Part of Julia Galloway's ceramics collection. Photo: Lucy Capeheart

Why do I collect pottery? Why not something easy to store, like stamps or rocks? Why not something’s that not breakable, like irons or spoons? Why not something that doesn’t need dusting, like coins? Or something that is easy to display?

Why? I simply love to look at pottery; again and again I am intrigued by these wonderful small objects of use and beauty. I am interested in all kinds of pottery, from soft, low-fire majolica, to tight, hard icy celadon, from cups with big handles, to pitchers with spouts that pour into the next room, from raw DIY cut-and-paste cups to slip-cast bowls that were developed using computer-aided design, from Japanese teabowls to Wedgewood. I love them all. I love how each piece of pottery has a story to tell about the person who made it, what they were influenced by, what culture they are working in, what they value, and in many ways, who they are

I am not alone in this collecting habit. Just about everyone I know who is involved with clay in some way, as a maker, a teacher, or a collector, has a lot of cups. On row after row or grids of shelves on the kitchen wall, we display these personal gems. Many evenings at friends’ houses I have gotten stuck in their kitchens, going through their cupboards and shelves discussing pieces, examining each handle, lip, foot, glaze, form, idea, and technique. We learn about ourselves and our friends through seeing what kinds of pottery they have collected over the years.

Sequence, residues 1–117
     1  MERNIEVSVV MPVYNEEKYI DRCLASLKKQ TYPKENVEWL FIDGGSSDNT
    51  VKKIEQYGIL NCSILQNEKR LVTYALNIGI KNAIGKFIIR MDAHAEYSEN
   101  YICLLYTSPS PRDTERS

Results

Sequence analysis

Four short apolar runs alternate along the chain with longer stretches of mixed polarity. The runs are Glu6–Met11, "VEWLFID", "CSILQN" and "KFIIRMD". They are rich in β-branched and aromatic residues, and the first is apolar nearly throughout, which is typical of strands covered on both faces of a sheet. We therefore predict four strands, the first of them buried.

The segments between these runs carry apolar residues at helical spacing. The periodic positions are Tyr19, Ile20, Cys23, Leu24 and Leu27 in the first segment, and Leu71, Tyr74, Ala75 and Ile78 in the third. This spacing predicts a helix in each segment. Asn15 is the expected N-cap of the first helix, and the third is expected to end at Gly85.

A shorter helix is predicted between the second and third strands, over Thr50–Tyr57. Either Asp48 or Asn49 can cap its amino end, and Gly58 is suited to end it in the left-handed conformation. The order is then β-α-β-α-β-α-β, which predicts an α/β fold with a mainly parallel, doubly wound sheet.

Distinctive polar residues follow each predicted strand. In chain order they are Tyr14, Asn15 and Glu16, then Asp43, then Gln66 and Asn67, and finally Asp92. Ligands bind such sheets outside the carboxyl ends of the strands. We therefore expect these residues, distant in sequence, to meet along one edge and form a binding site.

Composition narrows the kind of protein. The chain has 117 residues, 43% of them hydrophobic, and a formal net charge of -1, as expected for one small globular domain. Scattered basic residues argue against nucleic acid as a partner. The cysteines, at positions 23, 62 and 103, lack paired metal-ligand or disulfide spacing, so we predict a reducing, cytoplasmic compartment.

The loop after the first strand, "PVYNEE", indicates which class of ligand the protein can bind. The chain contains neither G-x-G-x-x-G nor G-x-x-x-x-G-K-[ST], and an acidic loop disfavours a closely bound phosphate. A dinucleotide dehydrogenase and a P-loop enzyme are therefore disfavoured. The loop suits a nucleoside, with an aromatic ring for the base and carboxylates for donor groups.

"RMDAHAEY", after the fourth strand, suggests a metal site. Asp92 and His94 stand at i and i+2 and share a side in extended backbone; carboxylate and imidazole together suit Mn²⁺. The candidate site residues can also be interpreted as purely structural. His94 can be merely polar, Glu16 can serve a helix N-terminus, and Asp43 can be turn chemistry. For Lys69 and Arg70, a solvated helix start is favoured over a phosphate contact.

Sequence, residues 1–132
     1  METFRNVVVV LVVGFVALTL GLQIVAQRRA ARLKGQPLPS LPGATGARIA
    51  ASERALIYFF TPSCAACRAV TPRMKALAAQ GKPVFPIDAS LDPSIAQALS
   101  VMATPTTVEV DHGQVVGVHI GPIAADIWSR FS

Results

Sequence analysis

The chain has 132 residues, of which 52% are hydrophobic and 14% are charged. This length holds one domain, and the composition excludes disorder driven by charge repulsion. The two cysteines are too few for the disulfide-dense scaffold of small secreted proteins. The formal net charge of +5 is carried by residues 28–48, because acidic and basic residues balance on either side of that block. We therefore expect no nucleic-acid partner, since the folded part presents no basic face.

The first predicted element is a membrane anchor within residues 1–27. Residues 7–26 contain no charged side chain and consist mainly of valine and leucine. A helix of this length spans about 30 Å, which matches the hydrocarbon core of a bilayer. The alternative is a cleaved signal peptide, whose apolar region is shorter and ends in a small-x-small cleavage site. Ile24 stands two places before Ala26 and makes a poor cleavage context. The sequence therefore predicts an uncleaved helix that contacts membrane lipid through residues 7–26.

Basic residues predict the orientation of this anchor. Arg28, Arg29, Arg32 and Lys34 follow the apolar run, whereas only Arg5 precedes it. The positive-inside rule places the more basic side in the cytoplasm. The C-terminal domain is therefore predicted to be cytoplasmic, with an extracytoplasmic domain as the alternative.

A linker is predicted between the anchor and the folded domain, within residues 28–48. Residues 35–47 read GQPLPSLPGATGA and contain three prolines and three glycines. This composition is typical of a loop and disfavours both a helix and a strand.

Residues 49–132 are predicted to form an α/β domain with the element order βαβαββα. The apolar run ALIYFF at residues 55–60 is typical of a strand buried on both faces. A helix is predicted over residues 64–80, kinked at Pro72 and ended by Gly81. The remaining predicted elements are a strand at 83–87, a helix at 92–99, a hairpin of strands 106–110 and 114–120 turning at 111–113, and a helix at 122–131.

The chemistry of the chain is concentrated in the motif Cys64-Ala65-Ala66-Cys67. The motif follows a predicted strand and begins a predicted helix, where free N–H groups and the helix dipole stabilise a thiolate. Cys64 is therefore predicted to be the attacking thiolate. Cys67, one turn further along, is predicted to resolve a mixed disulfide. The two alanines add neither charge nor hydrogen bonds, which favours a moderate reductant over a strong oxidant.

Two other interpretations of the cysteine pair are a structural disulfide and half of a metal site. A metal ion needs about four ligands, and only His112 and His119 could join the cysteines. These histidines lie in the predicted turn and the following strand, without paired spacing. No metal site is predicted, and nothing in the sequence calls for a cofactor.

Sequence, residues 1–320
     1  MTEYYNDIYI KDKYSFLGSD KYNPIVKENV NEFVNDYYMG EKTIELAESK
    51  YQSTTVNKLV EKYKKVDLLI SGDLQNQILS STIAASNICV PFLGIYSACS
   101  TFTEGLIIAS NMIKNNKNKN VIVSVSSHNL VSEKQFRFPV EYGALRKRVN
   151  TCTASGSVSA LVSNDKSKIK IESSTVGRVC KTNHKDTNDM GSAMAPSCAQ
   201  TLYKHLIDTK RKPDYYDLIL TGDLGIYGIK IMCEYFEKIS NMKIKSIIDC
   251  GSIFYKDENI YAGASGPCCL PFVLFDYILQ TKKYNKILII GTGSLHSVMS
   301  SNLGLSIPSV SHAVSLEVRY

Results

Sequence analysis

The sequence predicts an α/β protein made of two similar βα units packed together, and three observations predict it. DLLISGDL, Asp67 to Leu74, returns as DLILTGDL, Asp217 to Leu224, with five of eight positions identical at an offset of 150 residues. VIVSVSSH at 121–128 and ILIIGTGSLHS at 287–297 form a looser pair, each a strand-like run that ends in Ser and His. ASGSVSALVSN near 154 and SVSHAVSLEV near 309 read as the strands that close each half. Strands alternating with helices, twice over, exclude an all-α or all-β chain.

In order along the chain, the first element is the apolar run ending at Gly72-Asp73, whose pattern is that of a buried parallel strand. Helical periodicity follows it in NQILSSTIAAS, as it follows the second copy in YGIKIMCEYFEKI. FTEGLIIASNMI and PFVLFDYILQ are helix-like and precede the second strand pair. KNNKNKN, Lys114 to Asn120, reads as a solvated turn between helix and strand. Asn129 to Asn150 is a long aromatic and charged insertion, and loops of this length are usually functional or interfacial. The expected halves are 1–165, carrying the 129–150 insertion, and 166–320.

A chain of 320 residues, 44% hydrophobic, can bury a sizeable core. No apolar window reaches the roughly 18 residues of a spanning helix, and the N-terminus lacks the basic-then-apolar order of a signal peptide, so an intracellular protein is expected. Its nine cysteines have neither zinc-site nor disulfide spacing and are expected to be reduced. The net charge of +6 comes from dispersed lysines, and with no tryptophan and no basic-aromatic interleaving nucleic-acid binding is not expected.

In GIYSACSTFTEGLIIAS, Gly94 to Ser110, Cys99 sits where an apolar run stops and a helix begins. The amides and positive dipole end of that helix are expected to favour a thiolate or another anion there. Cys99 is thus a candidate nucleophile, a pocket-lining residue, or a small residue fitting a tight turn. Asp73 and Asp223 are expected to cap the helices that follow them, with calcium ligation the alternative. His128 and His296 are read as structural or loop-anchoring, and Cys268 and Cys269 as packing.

The Beginning

I have collected pottery since the early 1980s. At first I started because I wanted to have pottery around me, and it seemed way cooler in my dorm room than a poster of James Dean. Handmade pots were unusual in my freshman dorm and signified to my peers that I was unique. I had a small teapot that my high-school teacher brought me from Japan and a few white crackle raku vases that I made in high school.

Later, I continued my collecting at the end of undergraduate school in a great frenzy of trading mug for mug as graduation approached. We had gleeful moments as these early works exchanged hands, sure that we got the better of the trade. Gathering up these pots and displaying them in my living room and kitchen was a way of thinking of these friends over the years. This pottery kept us in touch quietly, and their meaning grew as time passed.

Sharing with Students 

When I started teaching college-level ceramics, with each pottery project, I would show the students images of other artists’ work for inspiration. Somehow looking only at images lead to the student making pots with beautiful profiles, but often with stale form, out of balance, a weight that was not in relation to the form and little consideration to the interior. Often these student pots were much better to look at than to actually use. This would never do! First, I brought in a selection of mugs and the students would choose one and take it home for a month—they had to use it at every meal, and even carry the cups in their knapsacks. The students fell in love with these cups and often ended up making their own version to keep. Then I started bringing in lots of pots, and now, on average, about ten pots a week to display in my office window, and lend out from time to time. The physicality of students learning through touch, researching pottery using their hands as well as their eyes brought depth to their pots. I think that it helps my students have smarter hands and a more sensitive sense of touch with clay.